The Independence National Historical Park in Philadelphia

3 July 2013 | Author/Destination: | Rubric: General, Museums, Exhibitions, Palaces, Castles, Manors, Parks, UNESCO World Heritage Reading Time:  9 minutes

Independence Hall in Philadelphia by Ferdinand Richardt, 1858-63 © White House Art Collection

Independence Hall in Philadelphia by Ferdinand Richardt, 1858-63 © White House Art Collection

Independence National Historical Park is a United States National Historical Park in Philadelphia that preserves several sites associated with the American Revolution and the nation’s founding history. Administered by the National Park Service, the 55-acre (22 ha) park comprises much of the downtown (or “Center City“) historic district. The park has been nicknamed “America’s most historic square mile” because of its abundance of historic landmarks, and the park sites are located within the Old City and Society Hill neighborhoods of Philadelphia. The centerpiece of the park is Independence Hall, a UNESCO World Heritage Site, where the Declaration of Independence and the United States Constitution were debated and adopted in the late 18th century. Independence Hall was the principal meetinghouse of the Second Continental Congress from 1775 to 1783 and the Constitutional Convention in the summer of 1787. Across the street from Independence Hall, the Liberty Bell, an iconic symbol of American independence, is displayed in the Liberty Bell Center. The park contains other historic buildings, such as the First Bank of the United States, the first bank chartered by the United States Congress, and the Second Bank of the United States, which had its charter renewal vetoed by President Andrew Jackson as part of the Bank War.

Most of the park’s historic structures are located in the vicinity of the four landscaped blocks between Chestnut, Walnut, 2nd, and 6th streets. The park also contains Franklin Court, the site of a museum dedicated to Benjamin Franklin and the United States Postal Service Museum. An additional three blocks directly north of Independence Hall, collectively known as Independence Mall, contain the Liberty Bell Center, National Constitution Center, Independence Visitor Center, and the former site of the President’s House.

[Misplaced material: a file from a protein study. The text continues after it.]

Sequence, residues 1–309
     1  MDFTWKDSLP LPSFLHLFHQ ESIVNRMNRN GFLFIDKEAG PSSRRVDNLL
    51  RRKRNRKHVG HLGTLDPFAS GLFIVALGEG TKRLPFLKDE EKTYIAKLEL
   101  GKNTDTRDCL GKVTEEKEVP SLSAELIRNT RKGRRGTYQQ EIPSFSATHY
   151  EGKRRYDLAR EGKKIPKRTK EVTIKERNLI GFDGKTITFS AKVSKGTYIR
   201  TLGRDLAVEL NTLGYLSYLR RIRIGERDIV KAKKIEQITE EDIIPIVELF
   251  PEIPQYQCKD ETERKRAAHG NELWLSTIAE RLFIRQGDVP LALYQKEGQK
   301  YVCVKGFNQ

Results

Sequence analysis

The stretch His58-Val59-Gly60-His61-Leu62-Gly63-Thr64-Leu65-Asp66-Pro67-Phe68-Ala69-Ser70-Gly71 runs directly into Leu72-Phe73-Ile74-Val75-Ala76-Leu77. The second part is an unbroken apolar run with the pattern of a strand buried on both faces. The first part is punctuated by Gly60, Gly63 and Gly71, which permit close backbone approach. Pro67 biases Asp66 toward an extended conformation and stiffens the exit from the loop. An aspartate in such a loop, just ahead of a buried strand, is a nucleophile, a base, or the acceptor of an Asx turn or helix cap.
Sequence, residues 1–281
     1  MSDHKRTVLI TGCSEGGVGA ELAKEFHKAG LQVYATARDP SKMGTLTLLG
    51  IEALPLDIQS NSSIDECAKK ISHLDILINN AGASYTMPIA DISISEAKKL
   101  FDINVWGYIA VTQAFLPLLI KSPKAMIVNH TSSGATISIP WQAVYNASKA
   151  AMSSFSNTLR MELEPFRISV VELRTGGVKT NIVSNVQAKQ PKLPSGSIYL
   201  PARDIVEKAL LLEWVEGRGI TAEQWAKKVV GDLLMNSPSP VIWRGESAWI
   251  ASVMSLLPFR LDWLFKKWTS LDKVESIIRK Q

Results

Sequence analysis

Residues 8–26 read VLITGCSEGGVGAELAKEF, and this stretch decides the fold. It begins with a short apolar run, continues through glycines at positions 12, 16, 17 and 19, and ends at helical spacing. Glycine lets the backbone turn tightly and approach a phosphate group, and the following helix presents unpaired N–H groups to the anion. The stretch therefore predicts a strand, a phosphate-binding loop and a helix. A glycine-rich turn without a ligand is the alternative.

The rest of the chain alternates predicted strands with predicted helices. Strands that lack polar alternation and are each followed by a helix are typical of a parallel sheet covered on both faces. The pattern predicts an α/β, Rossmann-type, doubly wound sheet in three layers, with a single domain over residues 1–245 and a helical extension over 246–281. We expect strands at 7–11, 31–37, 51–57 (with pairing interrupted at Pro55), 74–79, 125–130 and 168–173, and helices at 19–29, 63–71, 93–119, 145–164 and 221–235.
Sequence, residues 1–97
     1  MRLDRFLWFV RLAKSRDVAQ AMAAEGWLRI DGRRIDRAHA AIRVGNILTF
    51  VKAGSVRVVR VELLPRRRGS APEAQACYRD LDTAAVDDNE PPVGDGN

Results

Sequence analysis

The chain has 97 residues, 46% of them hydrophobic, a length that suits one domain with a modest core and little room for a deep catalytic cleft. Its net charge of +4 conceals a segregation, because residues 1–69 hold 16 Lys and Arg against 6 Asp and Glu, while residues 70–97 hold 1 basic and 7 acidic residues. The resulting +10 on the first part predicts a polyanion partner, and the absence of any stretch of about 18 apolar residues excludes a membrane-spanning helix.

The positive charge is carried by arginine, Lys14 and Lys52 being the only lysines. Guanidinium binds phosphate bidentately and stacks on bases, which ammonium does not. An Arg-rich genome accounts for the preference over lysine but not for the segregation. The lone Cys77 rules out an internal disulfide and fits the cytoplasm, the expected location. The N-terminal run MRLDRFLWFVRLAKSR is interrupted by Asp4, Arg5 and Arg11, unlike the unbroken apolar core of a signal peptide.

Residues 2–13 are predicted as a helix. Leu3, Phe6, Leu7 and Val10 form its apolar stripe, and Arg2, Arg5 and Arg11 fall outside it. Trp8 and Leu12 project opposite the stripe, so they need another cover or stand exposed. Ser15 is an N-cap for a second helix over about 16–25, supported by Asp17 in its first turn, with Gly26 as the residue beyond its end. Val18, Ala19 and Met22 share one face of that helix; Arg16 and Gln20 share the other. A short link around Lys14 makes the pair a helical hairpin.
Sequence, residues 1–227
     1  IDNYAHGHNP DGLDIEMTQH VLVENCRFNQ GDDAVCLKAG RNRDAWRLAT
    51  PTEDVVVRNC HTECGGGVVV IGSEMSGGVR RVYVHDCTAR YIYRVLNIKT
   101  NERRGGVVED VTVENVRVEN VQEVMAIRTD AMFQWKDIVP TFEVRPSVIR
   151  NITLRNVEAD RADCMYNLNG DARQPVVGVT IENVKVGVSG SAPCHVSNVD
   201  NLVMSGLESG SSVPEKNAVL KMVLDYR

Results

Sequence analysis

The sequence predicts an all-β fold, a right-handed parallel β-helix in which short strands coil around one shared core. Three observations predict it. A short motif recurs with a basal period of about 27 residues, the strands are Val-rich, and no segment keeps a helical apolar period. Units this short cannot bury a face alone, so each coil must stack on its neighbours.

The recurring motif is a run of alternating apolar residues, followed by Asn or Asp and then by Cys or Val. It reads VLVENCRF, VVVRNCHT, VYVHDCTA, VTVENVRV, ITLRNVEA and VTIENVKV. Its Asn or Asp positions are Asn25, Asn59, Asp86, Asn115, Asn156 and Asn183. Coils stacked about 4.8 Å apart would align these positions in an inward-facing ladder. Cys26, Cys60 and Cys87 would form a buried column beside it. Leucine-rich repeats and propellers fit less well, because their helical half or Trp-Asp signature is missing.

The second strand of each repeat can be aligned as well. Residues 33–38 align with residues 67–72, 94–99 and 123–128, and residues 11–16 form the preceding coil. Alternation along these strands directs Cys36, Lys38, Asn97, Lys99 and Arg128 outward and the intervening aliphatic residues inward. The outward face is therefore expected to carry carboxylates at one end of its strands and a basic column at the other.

Carpenters' Hall © Davidt8 Congress Hall © - Tim Eschaton First Bank of the United States © Kanan H. Jani/cc-by-sa-3.0 Independence Mall in 2004 © National Park Service - Robin Miller Independence Hall © Rdsmith4/cc-by-sa-2.5 Independence National Historical Park map © National Park Service - Harpers Ferry Center Statue of George Washington © Phillyfan0419 Liberty Bell Pavilion - Liberty Bell © Ronen Perry/cc-by-3.0 Independence Hall in Philadelphia by Ferdinand Richardt, 1858-63 © White House Art Collection
Independence Hall in Philadelphia by Ferdinand Richardt, 1858-63 © White House Art Collection
Most of Independence National Historical Park’s buildings and land are contained within the broad plaza called Independence Mall, which is bookended by the National Constitution Center on the north, Independence Hall on the south, and Fifth and Sixth Streets on the east and west, respectively. The Mall was created in the 1950s by city planner Ed Bacon, who demolished “blocks of Victorian architecture” to bring an open space to the heart of historic Philadelphia in front of Independence Hall. Most of the buildings that previously occupied the site of Independence Mall were late nineteenth-century buildings that replaced earlier buildings destroyed by fire in 1851 and 1855. Proponents of the mall thought these buildings were eyesores because of their contrast with the historic nature of the area. As plans emerged, retailers on Market Street resisted, arguing that the demolition was out-of-scale with the comparatively small landmark at its southern end.

By 1959, when the bulldozers finished work on Independence Mall, only the Free Quaker Meetinghouse remained. The building had been used as a warehouse for plumbing supplies before its restoration as part of the project. In 1961, the building was moved 38 feet west and 8 feet south to its present location to allow for the widening of Fifth Street. To plan for the celebration of the United States Bicentennial in 1976, the National Park Service relocated the Liberty Bell from Independence Hall to the glass-enclosed Liberty Bell Pavilion, as the Independence Hall could not accommodate the millions expected to visit Philadelphia that year. In 1997, the National Park Service announced a plan to redesign Independence Mall. As part of the plan, several new public buildings were constructed. The Independence Visitors Center was opened in November 2001, the National Constitution Center was opened in July 2003, and the Liberty Bell, which had been housed in a glass pavilion, was moved into the Liberty Bell Center in October 2003. Exhibits include coverage of slavery in US history and its abolition. At the corner of 6th and Market Street, a President’s House memorial outlines the site of the former mansion and commemorates the slaves who worked there. The former building had been demolished in portions starting in 1835, and its remnants were removed during the creation of Independence Mall.

Read more on Independence National Historical Park, Independence Visitor Center and Wikipedia Independence National Historical Park. Photos by Wikipedia Commons.

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